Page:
Skip to content

Need for open enrollment questioned by SISD trustee

Open enrollment continues to be discussed at the Sharyland school district as school board trustees weigh in on the possible financial implications of such a move.

During a meeting with the finance committee last week, the issue of open enrollment was brought up nearly a month after the district announced in their December board meeting that they are facing a loss of revenue of over $2 million in the next school year due to a projected decline in attendance.

Sharyland ISD historic and forecasted student population. Courtesy image.

As some board members noted, Sharyland remains the only school district in the area that does not have open enrollment to transfer students from other school districts to Sharyland.

“We’re not at a financial crunch right now, we’re actually very healthy,” district Assistant Superintendent for Business-Finance Ismael Gonzalez said. “We just saw the audit this last month and it’s been strong over the last several years. Looking at this puts us in the position to think for the future and that’s the situation we’re in now.” 

According to a six-year forecast of student attendance in the district, the 2019 school year saw 10,160 students in the district. By 2026, that number is expected to decrease to a little over 9,000.

If open enrollment is approved, Gonzalez said the district is hoping to have 162 students transferred into the district in the next school year to maintain the same enrollment totals of the 2019 school year.

In last month’s board meeting, school board trustee Ricky Longoria questioned the need to have open enrollment in the district and continued to state his opposition to the idea in last week’s meeting.

“I don’t know of a single district that implemented an open enrollment program that has solved their problems of losing students,” Longoria said. “If we had done this five or six years ago, I may have had a different opinion, but now, I’m sitting here thinking, if we know it doesn’t work, and we’re the last one to the game, is this worth doing?”

District Superintendent Dr. Maria Vidaurri argued that open enrollment would alleviate some of the issues the district is facing with declining student enrollment. 

“This has been discussed as far back as three prior superintendents, it may not solve every issue but it certainly has helped other districts by having open enrollment,” Vidaurri said. “I know of other districts who received 300 to 400 students they’ve lost over time with open enrollment. It’s allowed those districts to maintain what they’re offering and what they’re accustomed to within their [own] district.”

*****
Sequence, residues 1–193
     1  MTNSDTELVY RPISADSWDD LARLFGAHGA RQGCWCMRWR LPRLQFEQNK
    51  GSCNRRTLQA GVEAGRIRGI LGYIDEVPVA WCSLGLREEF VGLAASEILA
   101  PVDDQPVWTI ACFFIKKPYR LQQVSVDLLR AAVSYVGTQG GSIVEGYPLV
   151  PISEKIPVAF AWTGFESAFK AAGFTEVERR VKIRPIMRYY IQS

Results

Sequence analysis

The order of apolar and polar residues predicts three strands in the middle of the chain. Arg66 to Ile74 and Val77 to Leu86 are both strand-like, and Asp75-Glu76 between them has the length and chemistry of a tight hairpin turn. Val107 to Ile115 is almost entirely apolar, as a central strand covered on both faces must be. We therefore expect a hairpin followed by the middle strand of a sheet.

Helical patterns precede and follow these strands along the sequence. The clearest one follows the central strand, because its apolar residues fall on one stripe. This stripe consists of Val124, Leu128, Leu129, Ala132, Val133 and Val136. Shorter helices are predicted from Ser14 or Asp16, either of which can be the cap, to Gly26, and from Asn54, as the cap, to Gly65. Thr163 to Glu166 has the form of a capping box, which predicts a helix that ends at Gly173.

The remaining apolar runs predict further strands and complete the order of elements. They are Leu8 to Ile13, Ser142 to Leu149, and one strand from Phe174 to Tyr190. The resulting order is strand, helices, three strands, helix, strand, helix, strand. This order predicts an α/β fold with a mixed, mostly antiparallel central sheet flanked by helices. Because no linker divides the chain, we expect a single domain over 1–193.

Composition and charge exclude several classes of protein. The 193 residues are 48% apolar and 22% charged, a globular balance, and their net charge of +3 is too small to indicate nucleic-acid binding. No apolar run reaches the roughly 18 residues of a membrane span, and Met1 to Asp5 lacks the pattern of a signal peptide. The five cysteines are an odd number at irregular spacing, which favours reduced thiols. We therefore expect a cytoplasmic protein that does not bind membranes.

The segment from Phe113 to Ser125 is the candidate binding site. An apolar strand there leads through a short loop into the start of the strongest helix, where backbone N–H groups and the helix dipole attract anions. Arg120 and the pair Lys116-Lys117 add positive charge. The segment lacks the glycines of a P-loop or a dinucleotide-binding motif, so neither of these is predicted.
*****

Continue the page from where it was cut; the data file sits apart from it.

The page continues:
Currently, the district has a tuition-based program where families outside the district pay $2,500 per year for their child to be enrolled at Sharyland. The program started over three years ago and so far has brought in 62 students, Vidaurri said. 

School board President Keith Padilla suggested a compromise of cutting the open enrollment price in half to accept more students without offering open enrollment. 

School board Assistant Secretary Jose “Pepe” Garcia said that since news of open enrollment discussions were published last month, many families have reached out to him in praise of the idea. Garcia said this shows there is a strong interest of many families enrolling their children to Sharyland should open enrollment end up happening.

“We’re at 61 new students with paid tuition and the goal is 100 more, it’s very doable to reach that goal,” Garcia said.

Longoria pointed out that the goal of 162 students represents less than 2 percent of the current student population and that the district would miss out on property tax rate revenue from several homeowners not living in the area who transferred their children to the district.

“So we’re going to do all this for just 1.6% of our students? There’s no doubt there’s interest in people coming to Sharyland, all we’re debating is whether we need them to live here or not,” Longoria said. “When you bought your house in the Sharyland area, did you not pay a premium on that piece of property to have to come to the district? It doesn’t make sense for us to chip away at those things that make us different from other school districts.”

The board will continue to discuss the item before possibly voting on it later this month during the regular Monday, Jan. 25 board meeting.

At a special board meeting following the finance meeting, the board also approved a resolution for a third round of temporary paid leave benefits for district employees afflicted with COVID-19.

The resolution expires at the end of January and offers two weeks of paid leave if the employee has been instructed to stay at home due to COVID-19 and cannot work remotely. A total of 76 district employees, most of which are auxiliary staff members, have used the previous rounds of paid leave.

“We continue to see a high rate of positive cases in the county and do not want to let our guard down,” district HR director Debbie Garza said, adding that one additional employee declined to come back to work after using up the previous rounds of paid leave. “Our previous rounds of temporary paid leave expired at the end of last year and with this resolution, it allows employees to start fresh with their leave.”

Leave a Comment